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  • anticipating students' needs when making design decisions in your Moodle area.
  • reassuring yourself about exactly what students can access, eg when you're hiding or revealing elements, when using Groups and Groupings, or using the Gradebook to give assessment feedback.
  • familiarising yourself with the way things display to students eg Quizzes, the Gradebook, Forum posts, email alerts.
  • anticipating student questions and authoring instructions for students from their point of view.
  • invaluable insights when experimenting with something new in Moodle; interacting with the new thing in one or more student roles, then logging back in as editor to see whether it works as intended from a tutor point of view.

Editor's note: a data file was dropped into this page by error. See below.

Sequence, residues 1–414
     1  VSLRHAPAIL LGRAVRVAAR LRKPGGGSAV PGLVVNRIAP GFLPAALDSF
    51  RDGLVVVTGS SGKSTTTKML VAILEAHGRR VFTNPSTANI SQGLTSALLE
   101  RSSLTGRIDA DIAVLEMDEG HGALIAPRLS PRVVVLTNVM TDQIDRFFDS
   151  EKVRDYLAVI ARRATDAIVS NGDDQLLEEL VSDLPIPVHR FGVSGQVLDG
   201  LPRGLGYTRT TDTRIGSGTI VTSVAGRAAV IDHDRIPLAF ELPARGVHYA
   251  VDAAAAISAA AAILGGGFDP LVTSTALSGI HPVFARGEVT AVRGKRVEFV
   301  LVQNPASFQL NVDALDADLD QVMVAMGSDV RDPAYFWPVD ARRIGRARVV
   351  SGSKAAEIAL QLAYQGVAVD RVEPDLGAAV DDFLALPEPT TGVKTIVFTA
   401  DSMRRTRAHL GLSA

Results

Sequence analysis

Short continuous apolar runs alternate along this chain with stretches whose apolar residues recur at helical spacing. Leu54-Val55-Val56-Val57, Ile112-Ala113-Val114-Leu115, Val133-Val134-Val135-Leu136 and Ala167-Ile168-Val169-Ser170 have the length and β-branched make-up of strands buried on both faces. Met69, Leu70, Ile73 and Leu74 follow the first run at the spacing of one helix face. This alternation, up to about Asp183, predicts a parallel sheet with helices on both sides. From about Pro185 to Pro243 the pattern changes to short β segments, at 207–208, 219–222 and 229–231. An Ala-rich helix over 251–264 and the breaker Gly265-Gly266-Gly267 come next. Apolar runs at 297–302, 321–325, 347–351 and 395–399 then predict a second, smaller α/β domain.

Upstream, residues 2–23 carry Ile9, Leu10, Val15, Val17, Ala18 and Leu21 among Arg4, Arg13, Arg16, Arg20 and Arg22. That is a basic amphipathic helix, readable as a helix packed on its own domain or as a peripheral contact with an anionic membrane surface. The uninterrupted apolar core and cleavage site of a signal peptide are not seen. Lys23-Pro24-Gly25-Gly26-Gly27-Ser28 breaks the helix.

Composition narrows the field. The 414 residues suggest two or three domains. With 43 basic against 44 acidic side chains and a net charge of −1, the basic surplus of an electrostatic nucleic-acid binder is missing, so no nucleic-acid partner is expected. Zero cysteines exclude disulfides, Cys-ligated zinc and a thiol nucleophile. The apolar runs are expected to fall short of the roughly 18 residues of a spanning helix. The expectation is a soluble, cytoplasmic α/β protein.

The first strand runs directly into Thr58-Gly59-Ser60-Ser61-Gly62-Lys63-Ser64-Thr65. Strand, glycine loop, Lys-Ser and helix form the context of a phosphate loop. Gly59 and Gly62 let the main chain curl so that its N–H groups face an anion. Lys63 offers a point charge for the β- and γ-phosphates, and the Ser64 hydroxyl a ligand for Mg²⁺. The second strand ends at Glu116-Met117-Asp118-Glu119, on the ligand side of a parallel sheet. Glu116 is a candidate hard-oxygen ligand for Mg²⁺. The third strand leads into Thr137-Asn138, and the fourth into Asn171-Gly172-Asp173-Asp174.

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  • you can test and check as you go along - in other words you can play and experiment within Moodle.
  • you're independent and don't have to rely on colleagues to pose as students.
  • you can design your Moodle areas more empathetically, which hopefully makes them easier to use, which in turn means fewer student questions and more less student satisfactiondissatisfaction.
  • if you want to persuade your colleagues to try something new in Moodle, you don't have to rely on their imaginations or optimism so much - you can actually show them, and even let them log in and play.

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